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In looking back to the days of “glory” in the town of Washington, we see that it was a thriving metropolis, and worthy of remembering during its heyday. According to research, Washington boasted four inns or taverns, two blacksmith shops, two cotton gins, a large tan yard (for tanning hides)…

The Mynatt or Washington Cemetery is located approximately six miles northeast of Dayton and about one mile south of the Town of Washington. It was originally stated by a W.P.A. researcher that the cemetery originated during the lifetime of Dr. Samuel Mynatt and was on Dr. Mynatt’s property.…

There is a saying that states, “a picture is worth a thousand words,” and finding out about a picture can speak volumes when it comes to family history. This happened when a picture of the J.W. Gillespie Camp was found among some things belonging to a late cousin of mine. The picture shows a…

An old slogan states that nothing beats a great pair of legs, and no company attested to that more than Kayser-Roth Corporation of Dayton! According to the Charter of Incorporation, dated July 24, 1913, A. P. Haggard, A. B. Andrews, T. W. Caudle, J. F. Morgan, and W. C. Godsey constituted a …

As one views the Kayser-Roth building today, it is hard to imagine the hustle and bustle of a progressive manufacturing business of yesterday. The once humming machines are not only idle, but are gone from the structure, having been shipped back to corporate headquarters in North Carolina. W…

Much has been written about the war experiences of Major William Gibbs Allen of Rhea County, but perhaps a most notable account can be obtained from an article he wrote after the War Between the States. During the war, Allen was a member of the Fifth Tennessee Confederate Cavalry, and was on…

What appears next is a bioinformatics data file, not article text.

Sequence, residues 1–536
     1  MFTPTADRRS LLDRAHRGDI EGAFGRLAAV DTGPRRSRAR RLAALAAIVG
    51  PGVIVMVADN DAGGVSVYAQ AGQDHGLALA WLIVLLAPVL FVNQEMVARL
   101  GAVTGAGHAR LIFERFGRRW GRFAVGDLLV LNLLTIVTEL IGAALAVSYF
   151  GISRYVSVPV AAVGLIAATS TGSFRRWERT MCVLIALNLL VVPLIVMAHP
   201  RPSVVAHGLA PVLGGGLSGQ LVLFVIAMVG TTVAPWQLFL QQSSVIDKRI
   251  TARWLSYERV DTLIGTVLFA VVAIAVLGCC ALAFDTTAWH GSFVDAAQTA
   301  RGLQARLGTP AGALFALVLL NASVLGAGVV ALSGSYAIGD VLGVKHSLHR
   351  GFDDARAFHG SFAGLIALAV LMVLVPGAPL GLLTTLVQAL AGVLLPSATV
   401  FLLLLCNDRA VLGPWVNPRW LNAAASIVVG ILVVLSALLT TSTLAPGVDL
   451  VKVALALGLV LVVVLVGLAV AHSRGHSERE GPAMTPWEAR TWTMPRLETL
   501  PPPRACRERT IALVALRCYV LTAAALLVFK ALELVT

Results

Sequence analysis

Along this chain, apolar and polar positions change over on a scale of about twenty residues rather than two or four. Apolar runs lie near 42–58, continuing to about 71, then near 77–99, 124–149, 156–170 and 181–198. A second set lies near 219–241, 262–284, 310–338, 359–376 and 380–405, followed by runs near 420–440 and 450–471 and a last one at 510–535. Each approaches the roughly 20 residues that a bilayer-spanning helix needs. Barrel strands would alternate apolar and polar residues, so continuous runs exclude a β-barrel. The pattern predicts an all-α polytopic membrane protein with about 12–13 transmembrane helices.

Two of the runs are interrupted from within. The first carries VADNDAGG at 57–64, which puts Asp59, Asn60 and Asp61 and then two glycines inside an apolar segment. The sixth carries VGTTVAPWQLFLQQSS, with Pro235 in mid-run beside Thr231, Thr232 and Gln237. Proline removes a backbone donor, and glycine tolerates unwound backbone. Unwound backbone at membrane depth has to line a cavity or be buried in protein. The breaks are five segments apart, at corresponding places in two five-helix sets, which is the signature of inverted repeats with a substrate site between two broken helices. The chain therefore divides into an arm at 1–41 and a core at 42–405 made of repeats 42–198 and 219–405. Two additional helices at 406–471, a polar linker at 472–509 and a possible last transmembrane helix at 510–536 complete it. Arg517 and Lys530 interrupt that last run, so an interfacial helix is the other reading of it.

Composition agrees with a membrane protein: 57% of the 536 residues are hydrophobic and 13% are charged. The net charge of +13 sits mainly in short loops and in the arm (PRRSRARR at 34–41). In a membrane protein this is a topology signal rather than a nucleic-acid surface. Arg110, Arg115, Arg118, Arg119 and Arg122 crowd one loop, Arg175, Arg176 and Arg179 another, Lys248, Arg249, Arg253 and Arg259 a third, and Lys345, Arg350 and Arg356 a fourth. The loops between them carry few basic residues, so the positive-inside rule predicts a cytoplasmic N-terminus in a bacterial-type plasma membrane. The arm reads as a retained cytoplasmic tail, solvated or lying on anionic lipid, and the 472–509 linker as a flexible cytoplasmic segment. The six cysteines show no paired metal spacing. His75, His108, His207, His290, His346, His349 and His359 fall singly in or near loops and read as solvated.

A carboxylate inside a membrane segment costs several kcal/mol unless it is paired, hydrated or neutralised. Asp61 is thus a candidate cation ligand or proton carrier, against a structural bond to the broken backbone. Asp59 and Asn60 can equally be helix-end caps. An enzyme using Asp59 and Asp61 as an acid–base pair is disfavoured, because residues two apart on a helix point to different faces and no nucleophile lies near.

Anyone who has ever witnessed a fire knows that it can be a destructive force which can destroy life and property, putting everything and everyone at risk. Rhea County has had many devastating fires which date back to its early history, and those times provide an understanding of what hardsh…

Very few people are willing to give up salt in their diet; yet, during the War Between the States, many people found themselves doing just that. During this time of war, the South found that one of its greatest needs became salt. Before the war, salt sold for as little as fifty cents a sack.…

What would a diary entry, a Bible verse, and a food preservation book have in common? All of these have one thing in common; they relate to the compound we know as salt. Salt is a substance which is composed of sodium chloride, and is known as halite or rock salt in its natural form. It is d…

In the days of “yesteryear” the church was the focal point of life in a community. Since people lived so far apart, and the only mode of travel was by horse and buggy or just horseback, early settlers had to make every minute count; so the church meeting or church social were the only times …

When thinking about going on a vacation, or “getting away from it all” a person in today’s world considers a camping trip or a stay at a nice motel in a region where there are places of interest. However, in the past, one of the finest places for a vacation was Rhea Springs, which was locate…

The following article is another of the gems from William Gibbs Allen’s scrapbook, and recounts the type of Christmas he and his family celebrated. Since the news story was written in 1916, it would be one hundred and two years old this year! W.G. Allen married Mary Elizabeth Thomison in Dec…

As we are approaching the Christmas season, it is always important to gain some historical significance of how our ancestors celebrated this time of year. To do so gives us a new perspective on making our own traditions and we can find out how our ancestors observed this holiday.

As our nation sits down to a table filled with food on Thanksgiving Day, each of us should thank God for our blessings and give to those less fortunate. (By the time you are reading this newspaper you will have begun on leftovers, or become very tired of turkey!) I am always thankful for our…

As our nation sits down to a table filled with food on Thanksgiving Day, each of us should thank God for our blessings and give to those less fortunate. I am always thankful for our military, serving both here and abroad, so that we can have freedom, not only to serve God, but to live a life…